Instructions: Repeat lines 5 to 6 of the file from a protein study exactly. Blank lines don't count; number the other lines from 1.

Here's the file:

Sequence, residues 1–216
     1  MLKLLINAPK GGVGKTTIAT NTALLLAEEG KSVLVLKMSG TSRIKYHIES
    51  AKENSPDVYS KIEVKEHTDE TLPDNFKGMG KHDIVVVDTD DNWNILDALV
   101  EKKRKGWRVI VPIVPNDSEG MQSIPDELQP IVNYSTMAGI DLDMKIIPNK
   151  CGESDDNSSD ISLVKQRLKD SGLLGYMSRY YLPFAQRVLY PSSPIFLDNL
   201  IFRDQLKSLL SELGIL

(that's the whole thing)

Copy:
   151  CGESDDNSSD ISLVKQRLKD SGLLGYMSRY YLPFAQRVLY PSSPIFLDNL
   201  IFRDQLKSLL SELGIL